Recent developments underscore importance of KYC and related due diligence – Financier Worldwide

Lawrence E. Ritchie, Malcolm Aboud

Feb 15, 2022

As global trade becomes increasingly complex and interconnected, prudently developing and managing business relationships with contractors, suppliers and other parties is the key to success. In their article published in Financier Worldwide Magazine, Osler’s Lawrence Ritchie, Malcolm Aboud and Emilie Dillon write that due diligence, including “know your customer/counterparty” (KYC) measures, is a critical component of an organization’s compliance framework, and essential for managing the legal, financial and reputational risks of doing business.

Companies must know who they are doing business with, as well as the source of any funds or other property in their transactions. In Canada, several recent legislative and regulatory developments highlight the importance of implementing a strong diligence program for interacting with third parties. These include amendments to Canada’s anti-money laundering (AML) legislation, implementation of beneficial ownership registries, civil liability and sanctions for human rights abuses overseas, and legislation in some jurisdictions regarding supply chain diligence.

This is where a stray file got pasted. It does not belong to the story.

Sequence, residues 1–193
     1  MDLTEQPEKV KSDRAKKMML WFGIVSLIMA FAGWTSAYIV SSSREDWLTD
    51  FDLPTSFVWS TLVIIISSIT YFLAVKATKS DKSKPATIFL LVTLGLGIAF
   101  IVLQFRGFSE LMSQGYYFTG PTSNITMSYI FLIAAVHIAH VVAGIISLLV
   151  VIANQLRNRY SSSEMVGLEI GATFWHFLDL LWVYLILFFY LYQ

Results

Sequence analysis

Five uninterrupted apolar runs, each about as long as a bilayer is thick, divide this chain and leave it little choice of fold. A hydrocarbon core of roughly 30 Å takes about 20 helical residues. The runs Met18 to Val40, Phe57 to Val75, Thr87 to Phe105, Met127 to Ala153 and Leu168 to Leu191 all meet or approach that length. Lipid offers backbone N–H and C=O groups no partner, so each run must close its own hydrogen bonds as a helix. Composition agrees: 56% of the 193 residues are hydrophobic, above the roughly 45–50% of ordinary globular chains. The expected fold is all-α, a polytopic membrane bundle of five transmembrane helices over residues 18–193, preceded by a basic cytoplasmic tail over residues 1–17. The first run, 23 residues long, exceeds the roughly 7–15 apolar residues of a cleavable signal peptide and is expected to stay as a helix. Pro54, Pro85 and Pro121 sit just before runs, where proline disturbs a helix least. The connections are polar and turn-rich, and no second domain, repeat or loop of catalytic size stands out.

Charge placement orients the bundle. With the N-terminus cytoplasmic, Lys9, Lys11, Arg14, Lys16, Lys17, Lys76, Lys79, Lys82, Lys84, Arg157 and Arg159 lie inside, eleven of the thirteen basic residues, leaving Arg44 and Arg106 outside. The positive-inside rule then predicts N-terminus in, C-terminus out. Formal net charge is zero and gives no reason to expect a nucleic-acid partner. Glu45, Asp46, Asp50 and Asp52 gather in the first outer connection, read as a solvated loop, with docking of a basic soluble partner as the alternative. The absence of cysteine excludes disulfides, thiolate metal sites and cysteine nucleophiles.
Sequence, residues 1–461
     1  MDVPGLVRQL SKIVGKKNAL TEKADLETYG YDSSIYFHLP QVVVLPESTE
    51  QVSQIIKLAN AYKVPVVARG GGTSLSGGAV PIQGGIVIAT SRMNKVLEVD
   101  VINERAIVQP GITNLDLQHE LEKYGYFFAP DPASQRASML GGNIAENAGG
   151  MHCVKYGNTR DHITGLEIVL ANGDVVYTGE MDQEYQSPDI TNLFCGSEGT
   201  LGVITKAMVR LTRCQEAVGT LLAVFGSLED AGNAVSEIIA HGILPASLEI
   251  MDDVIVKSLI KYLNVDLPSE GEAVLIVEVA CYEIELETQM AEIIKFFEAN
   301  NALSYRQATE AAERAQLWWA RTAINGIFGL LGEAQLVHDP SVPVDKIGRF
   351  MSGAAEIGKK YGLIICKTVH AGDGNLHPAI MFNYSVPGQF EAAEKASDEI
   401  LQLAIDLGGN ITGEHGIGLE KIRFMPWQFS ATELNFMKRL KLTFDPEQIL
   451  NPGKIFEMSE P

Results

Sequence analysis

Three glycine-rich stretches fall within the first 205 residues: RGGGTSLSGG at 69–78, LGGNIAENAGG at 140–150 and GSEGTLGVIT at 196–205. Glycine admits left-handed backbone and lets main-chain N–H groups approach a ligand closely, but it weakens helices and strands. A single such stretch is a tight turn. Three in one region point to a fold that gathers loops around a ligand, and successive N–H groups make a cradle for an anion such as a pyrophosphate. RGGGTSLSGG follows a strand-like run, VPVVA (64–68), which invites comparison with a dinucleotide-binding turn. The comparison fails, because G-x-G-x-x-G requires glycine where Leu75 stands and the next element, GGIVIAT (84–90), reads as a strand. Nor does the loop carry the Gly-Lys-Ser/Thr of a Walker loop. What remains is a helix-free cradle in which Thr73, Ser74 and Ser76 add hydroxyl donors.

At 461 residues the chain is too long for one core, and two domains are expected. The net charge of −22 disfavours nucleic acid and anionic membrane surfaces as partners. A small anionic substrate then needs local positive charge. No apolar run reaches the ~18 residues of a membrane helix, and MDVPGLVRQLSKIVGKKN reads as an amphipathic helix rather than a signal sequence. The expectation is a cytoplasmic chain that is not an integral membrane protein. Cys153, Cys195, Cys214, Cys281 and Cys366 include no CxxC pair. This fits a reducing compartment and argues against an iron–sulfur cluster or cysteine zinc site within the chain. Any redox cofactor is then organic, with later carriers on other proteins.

Amendments to Canada’s principal anti-money laundering legislation, the Proceeds of Crime (Money Laundering) and Terrorist Financing Act, came into effect last June as part of an overhaul to the regulatory landscape. The changes add new obligations requiring reporting entities (financial services providers, money services businesses and others) to take reasonable measures to confirm the accuracy and timeliness of beneficial ownership information for all clients. Beneficial ownership refers to the real person who ultimately owns, controls or benefits from a company.

Sanctions in various jurisdictions can also complicate business operations. In Canada, sanctions prohibit dealing in certain places, with certain parties, or in specified types of transactions. Occasionally, Canadian companies can also be subject to sanctions imposed elsewhere. They should therefore have processes in place that ensure they do not violate any sanctions in jurisdictions where they operate. Companies should also have a full understanding of their contractual relationships throughout their supply chains, as they can be held civilly or criminally liable for the actions of agents, subsidiaries and other counterparties engaged on their behalf. This includes risks of bribery, corruption and human rights violations.

Ensuring that KYC and other due diligence programs are robust and up-to-date will help organizations manage risks and prevent misconduct. Such policies should take into account the company’s risk profile, the jurisdictions where it operates, the parties with which it contracts, the products or services it offers, and other factors.

Read the full article in Financier Worldwide Magazine’s February 2022 issue.